No surprise: 'Windows 7' will be Windows 7

Windows 7Is it an indication that poetic titles and artificial excitement can do less to endear an OS in the minds of its users than simple, straightforward functionality? Today, Microsoft said it's going back to doing things by number.

In a quick announcement this afternoon on the company blog for Windows Vista -- what's already being perceived as the "old version of Windows" by Microsoft -- the company's corporate VP for Windows product management revealed what many developers had already long suspected: The next version will be called what we've been calling it for months already, "Windows 7."

"The decision to use the name Windows 7 is about simplicity. Over the years, we have taken different approaches to naming Windows. We've used version numbers like Windows 3.11, or dates like Windows 98, or 'aspirational' monikers like Windows XP or Windows Vista. And since we do not ship new versions of Windows every year, using a date did not make sense. Likewise, coming up with an all-new 'aspirational' name does not do justice to what we are trying to achieve, which is to stay firmly rooted in our aspirations for Windows Vista, while evolving and refining the substantial investments in platform technology in Windows Vista into the next generation of Windows."

Whether intentionally or not, Nash was making reference to early descriptions of "Vista" as a poetic, lofty, "aspirational" depiction of both Microsoft's product and its goals. Almost immediately after that adjective was first used, more than one commenter responded with something similar to, "Does this mean we'll all need more aspirin?"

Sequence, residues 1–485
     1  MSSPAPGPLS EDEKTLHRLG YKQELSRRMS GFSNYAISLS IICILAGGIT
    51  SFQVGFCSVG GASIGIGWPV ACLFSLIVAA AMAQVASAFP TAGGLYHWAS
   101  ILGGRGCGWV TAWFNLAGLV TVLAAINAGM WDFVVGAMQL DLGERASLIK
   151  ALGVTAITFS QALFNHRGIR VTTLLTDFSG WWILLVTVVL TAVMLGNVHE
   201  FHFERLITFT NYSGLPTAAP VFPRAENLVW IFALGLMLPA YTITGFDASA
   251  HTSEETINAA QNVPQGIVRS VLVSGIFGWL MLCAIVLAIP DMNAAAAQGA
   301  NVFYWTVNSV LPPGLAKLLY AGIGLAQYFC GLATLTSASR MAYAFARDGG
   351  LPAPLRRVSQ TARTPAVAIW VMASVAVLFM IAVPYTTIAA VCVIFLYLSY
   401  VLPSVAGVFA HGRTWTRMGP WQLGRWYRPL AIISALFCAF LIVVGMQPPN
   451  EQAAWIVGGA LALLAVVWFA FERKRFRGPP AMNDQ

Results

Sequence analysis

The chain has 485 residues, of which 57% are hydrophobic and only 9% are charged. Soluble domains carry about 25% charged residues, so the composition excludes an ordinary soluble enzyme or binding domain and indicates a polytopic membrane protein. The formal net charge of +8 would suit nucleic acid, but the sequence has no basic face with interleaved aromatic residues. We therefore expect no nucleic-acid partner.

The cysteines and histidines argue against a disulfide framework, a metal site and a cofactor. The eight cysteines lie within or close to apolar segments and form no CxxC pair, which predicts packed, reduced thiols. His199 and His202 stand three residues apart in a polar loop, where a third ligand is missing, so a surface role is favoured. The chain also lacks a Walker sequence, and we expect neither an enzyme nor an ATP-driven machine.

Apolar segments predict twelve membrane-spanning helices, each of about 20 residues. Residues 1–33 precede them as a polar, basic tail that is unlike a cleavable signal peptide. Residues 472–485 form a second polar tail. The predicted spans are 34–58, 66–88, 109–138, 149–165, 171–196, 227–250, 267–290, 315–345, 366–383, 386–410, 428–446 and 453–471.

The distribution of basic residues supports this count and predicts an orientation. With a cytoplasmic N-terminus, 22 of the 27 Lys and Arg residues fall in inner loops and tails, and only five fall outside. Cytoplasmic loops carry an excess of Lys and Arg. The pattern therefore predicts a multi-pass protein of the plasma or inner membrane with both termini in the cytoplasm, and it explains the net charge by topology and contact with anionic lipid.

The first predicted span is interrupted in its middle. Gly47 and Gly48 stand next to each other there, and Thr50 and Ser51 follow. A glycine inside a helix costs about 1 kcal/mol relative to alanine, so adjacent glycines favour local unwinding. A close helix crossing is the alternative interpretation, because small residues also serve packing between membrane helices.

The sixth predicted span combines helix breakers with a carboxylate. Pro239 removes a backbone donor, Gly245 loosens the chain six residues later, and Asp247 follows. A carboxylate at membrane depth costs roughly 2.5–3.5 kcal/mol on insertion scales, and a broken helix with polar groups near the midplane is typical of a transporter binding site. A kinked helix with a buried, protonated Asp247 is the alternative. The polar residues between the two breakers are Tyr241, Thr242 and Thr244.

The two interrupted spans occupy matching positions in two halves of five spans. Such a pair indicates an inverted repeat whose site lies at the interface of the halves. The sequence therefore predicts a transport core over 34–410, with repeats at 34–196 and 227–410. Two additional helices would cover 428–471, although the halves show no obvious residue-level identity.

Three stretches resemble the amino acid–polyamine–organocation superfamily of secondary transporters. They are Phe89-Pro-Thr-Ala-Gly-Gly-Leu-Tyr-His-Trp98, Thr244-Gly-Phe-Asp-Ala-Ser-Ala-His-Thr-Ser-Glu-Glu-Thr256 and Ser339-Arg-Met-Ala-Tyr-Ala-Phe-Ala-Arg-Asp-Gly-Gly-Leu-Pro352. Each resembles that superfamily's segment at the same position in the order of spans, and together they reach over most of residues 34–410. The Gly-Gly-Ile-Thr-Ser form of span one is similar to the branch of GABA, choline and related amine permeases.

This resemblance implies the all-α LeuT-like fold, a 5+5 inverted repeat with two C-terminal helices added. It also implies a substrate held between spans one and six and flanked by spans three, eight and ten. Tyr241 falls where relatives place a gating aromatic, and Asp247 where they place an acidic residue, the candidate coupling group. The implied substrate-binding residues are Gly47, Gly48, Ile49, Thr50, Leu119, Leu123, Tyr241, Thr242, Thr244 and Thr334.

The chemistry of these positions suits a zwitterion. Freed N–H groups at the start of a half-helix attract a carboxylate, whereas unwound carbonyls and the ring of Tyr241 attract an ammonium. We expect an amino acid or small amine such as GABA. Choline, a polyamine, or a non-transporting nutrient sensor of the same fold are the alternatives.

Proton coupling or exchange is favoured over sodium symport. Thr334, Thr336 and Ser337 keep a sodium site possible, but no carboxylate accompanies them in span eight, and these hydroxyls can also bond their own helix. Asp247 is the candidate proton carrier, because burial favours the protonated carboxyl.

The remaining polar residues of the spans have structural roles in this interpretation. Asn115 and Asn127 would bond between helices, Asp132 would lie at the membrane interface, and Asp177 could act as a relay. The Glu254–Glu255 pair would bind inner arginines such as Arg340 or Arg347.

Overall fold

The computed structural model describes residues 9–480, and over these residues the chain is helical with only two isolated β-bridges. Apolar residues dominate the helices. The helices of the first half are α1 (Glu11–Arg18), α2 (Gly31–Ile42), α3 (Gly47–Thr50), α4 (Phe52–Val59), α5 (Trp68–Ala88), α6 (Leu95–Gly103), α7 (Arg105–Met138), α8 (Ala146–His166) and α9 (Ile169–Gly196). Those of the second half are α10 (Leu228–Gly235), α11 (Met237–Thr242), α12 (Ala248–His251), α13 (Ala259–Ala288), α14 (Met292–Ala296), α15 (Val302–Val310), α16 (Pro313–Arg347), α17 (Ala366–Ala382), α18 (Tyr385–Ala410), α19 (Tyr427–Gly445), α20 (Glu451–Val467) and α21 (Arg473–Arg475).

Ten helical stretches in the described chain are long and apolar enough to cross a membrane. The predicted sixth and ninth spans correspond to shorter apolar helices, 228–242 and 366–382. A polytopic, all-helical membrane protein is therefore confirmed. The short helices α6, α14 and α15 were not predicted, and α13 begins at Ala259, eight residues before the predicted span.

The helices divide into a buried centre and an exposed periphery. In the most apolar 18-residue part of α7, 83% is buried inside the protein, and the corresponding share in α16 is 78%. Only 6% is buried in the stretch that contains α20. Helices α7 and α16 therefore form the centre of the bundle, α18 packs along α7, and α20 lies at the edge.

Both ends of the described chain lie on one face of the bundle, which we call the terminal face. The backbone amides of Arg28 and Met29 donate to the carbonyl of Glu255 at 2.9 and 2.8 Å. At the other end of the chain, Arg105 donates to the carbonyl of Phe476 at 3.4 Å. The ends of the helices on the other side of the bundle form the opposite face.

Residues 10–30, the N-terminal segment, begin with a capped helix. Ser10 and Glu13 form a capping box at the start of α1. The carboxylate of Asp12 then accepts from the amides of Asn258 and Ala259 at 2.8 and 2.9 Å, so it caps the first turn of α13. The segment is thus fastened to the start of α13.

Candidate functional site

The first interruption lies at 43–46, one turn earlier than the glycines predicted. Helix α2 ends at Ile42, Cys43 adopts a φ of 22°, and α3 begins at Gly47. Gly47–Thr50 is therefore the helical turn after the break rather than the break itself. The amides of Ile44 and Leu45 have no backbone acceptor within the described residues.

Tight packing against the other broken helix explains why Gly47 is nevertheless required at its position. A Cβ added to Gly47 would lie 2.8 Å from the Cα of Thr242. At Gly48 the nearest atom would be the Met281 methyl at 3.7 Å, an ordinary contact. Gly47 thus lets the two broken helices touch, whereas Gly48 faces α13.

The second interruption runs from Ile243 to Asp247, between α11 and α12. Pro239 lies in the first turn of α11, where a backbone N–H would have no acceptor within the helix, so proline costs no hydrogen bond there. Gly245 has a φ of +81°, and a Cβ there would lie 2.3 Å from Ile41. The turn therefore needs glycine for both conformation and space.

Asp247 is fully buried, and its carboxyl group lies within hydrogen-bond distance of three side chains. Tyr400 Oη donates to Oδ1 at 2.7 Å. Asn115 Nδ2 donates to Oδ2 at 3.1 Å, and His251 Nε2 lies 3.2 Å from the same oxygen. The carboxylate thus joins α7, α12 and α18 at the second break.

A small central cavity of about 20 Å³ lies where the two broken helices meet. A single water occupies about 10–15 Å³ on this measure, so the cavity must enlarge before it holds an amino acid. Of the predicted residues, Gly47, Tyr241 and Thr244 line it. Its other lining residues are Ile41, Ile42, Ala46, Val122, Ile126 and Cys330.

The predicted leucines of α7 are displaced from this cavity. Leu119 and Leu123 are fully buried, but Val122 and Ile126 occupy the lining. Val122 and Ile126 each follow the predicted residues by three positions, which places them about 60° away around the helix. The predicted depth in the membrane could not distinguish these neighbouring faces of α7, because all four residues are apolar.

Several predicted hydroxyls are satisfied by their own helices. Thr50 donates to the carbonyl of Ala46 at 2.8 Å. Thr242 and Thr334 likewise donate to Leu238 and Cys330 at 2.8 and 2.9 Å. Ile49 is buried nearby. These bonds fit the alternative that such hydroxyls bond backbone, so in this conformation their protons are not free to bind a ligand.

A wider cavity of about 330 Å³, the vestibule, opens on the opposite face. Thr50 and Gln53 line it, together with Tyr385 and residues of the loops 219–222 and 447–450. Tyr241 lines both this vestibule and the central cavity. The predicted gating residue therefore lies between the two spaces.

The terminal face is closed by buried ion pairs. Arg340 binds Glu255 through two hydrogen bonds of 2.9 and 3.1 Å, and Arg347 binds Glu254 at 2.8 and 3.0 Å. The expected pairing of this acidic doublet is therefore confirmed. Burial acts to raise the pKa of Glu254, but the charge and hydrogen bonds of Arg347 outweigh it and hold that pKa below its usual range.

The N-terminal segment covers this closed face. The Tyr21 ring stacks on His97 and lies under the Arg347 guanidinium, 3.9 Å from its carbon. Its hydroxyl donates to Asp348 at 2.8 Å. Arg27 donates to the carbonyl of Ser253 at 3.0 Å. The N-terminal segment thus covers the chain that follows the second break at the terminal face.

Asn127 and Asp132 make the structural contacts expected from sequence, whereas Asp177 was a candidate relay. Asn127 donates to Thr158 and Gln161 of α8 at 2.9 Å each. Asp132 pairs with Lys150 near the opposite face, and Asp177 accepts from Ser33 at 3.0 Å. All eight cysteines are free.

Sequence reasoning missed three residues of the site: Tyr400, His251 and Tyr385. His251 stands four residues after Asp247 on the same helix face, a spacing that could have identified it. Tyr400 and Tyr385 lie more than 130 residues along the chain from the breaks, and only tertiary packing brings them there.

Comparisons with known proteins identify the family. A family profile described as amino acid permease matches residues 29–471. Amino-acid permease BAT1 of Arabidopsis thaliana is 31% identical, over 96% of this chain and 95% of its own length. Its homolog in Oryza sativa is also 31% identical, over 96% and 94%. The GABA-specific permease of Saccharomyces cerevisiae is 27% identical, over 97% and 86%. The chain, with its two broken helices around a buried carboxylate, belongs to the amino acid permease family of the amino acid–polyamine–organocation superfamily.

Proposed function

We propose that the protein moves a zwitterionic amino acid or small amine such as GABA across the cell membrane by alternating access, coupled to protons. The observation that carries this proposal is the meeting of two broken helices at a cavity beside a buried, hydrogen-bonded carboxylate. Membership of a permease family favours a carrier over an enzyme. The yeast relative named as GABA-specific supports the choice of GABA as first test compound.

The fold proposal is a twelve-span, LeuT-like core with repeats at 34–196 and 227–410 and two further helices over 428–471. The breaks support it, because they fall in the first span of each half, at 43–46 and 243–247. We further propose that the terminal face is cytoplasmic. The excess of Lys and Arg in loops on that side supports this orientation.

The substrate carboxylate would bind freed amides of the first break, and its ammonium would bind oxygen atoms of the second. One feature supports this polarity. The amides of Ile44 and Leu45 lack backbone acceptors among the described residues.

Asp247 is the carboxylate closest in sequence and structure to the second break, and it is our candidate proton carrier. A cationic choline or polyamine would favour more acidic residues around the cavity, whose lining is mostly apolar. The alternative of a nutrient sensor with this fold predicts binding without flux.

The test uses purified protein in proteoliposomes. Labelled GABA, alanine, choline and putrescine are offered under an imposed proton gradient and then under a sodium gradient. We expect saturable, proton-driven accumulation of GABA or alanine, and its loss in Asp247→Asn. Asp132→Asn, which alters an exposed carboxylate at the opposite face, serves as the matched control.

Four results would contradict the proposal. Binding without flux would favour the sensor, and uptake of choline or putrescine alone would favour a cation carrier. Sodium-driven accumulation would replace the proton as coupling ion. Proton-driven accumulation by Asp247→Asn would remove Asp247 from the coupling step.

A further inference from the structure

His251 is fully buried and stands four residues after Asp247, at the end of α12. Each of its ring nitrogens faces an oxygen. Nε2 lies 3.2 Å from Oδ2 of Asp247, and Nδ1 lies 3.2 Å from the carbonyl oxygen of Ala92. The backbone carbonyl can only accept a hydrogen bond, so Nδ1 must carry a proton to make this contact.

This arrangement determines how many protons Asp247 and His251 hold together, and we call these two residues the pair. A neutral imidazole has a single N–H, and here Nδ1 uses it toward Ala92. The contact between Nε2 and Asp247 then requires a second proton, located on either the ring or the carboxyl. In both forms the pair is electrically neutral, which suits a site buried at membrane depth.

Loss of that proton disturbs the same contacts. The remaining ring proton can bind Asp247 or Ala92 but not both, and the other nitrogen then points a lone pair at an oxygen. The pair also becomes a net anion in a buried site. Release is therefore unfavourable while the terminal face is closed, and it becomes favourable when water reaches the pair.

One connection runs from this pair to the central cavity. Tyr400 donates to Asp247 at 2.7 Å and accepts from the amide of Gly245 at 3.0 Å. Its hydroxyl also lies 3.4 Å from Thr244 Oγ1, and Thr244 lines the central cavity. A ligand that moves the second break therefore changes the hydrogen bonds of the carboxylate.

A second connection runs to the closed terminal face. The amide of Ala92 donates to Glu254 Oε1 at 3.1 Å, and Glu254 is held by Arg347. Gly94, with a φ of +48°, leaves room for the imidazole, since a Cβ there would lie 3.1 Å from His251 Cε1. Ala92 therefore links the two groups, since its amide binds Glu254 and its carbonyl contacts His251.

Nash's statement this afternoon will raise eyebrows, though, for saying that it doesn't really make sense to give a date to a product that isn't shipped every year. That sentiment is clearly not shared among other Microsoft product divisions.

Microsoft will be devoting a full four days to the topic of Windows 7 during the upcoming PDC conference in Los Angeles, which begins on October 27. BetaNews' Nate Mook and Scott Fulton will both be there to disseminate the news.

Source: BetaNews

Tags: Microsoft, Windows 7

Comments
Add comment

Your name:
Sign in with:
or
Your comment:


Enter code:

E-mail (not required)
E-mail will not be disclosed to the third party


Last news

 
You can use a security key instead of having a code sent to your phone
 
Adobe says that the AI can now achieve the intended result in seconds
 
A new security protocol replacing the aging WPA2
 
Download and install at your own risk, of course
 
More iPhone parts likely to be produced by Samsung
 
Starting on Friday, video views on YouTube will start to be counted by the Official Charts Company
 
LG has already announced two new V-series members in 2018
 
The method is blocked and the hack doesn’t work, it adds
The Samsung Galaxy A5 (2017) Review
The evolution of the successful smartphone, now with a waterproof body and USB Type-C
February 7, 2017 /
Samsung Galaxy TabPro S - a tablet with the Windows-keyboard
The first Windows-tablet with the 12-inch display Super AMOLED
June 7, 2016 /
Keyboards for iOS
Ten iOS keyboards review
July 18, 2015 /
Samsung E1200 Mobile Phone Review
A cheap phone with a good screen
March 8, 2015 / 4
Creative Sound Blaster Z sound card review
Good sound for those who are not satisfied with the onboard solution
September 25, 2014 / 2
Samsung Galaxy Gear: Smartwatch at High Price
The first smartwatch from Samsung - almost a smartphone with a small body
December 19, 2013 /
 
 

News Archive

 
 
SuMoTuWeThFrSa
 123456
78910111213
14151617181920
21222324252627
28293031   




Poll

Do you use microSD card with your phone?
or leave your own version in comments (11)